I don’t know if Hernandez should win the Cy Young over Sabathia. Awards are what you make them and voting for someone because everything and everyone outside of New York is insignificant makes as much sense as anything else. I do know that if Hernandez doesn’t get the Cy he ought to get a medal and a parade. 11-10 on a team more impotent than the 1999 Twins? That’s ridiculous. Lefty Grove wouldn't have cracked .500 with these jokers.

Good stuff.  Thanks Tim.

Monday, August 9, 2010

Wak The Hell?

The Mariners fired Don Wakamatsu today, amid allegations that he was unable to make the league's worst collection of hitters all have career years at the same time.  When asked for comment, Jose Lopez replied, "Who?" 

More surprising is the news out of Florida, where Ken Griffey Jr has wired a large deposit into the bank account of team president Chuck Armstrong. 

In another startling move, Griffey appointed Mike Sweeney to the post of "Team Head Manager."  Sweeney will attempt to play for the Phillies and fly west in time for a nightcap with the Mariners.  Sweeney released a brief statement explaining his philosophy:  "I have challenged everyone to a nightly fist-fight until we turn this ship around.  I'm starting with the official scorer, working my way through the press box and then into the clubhouse."  Sweeney expressed disbelief when informed that nobody has taken him up on his offer.  The 68 year old team official scorekeeper was unavailable for comment.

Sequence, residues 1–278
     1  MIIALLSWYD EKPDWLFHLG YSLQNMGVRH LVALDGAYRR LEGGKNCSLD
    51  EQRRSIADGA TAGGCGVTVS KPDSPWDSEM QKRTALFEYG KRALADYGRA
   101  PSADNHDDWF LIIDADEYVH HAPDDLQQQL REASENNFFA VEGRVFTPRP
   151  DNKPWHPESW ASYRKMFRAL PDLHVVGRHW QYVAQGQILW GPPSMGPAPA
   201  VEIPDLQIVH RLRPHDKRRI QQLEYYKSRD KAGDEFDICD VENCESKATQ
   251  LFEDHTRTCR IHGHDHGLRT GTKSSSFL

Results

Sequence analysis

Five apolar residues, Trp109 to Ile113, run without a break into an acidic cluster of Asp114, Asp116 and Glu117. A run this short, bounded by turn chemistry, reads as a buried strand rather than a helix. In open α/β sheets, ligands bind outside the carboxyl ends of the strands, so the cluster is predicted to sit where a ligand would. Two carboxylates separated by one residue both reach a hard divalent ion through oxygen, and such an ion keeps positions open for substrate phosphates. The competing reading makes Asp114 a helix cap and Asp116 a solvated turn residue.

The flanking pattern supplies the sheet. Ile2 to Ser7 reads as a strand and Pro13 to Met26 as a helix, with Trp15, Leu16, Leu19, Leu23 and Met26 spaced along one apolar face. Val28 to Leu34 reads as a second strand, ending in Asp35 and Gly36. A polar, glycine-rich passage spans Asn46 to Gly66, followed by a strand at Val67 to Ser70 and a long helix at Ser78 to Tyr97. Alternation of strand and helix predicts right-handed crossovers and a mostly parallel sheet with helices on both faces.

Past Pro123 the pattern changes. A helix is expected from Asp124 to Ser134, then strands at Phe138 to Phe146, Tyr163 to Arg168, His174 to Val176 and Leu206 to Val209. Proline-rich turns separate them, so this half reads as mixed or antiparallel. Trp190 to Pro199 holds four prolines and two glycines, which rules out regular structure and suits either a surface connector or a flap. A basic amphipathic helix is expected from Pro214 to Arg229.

Wednesday, June 30, 2010

Seattle Mariner Theme Songs Reworked

Great article about Mariner theme songs by FOTL (Friend of The Log) Damon Agnos in the Seattle Weekly.  You can find it right here.  Tough to beat Rich Amaral walking to the plate to Sweetwater's "Superstar."  Damon has some great ideas of his own for the current squad. 

Wednesday, June 9, 2010

M's Favorites to Land Strasburg...

After watching Strasburg make mincemeat out of the AAAA Pirates, it reminded me of the Strasburg watch that went on here at the log.  At the time, it looked pretty good that the M's would secure his services.

That 3 game sweep of the A's to end the season was just a brilliant idea for a team headed absolutely nowhere.  I'm ill.

Thursday, May 13, 2010

Since there's no good news to report

Might as well enjoy the fact that Eric Byrnes is having fun...

Friday, May 7, 2010

Byrnes Signs On With Softball Team

Great story here about Eric Byrnes courtesy of our buddies over at Yahoo.  As bad as Byrnes has been the past few years it would be sweet to have him playing left-center on your softball team.  Wonder if that will allow them to play a rover?

Wednesday, April 28, 2010

Ichi No

Not sure what is more frustrating:
1. Watching Ichiro put on the brakes early and let a ball drop right in front of him with the bases loaded and two out in the 6th inning of a 5-1 game.  That allowed two runs to score on the play instead of ending the inning (two more runs came in, so that's four "earned" runs due to that one terrible play).
2. Sims and Blowers refusing to call him on it. 

Watching the replay you can only assume Ichiro was afraid of running into Figgins, who was drifting into right field on the play.  We've seen lesser OF like Buhner make sliding catches on that same play countless times over the years.  Instead a half-ass effort lets the Royals back into the game and erases a nice outing from RRS.  Ichiro owes him a steak.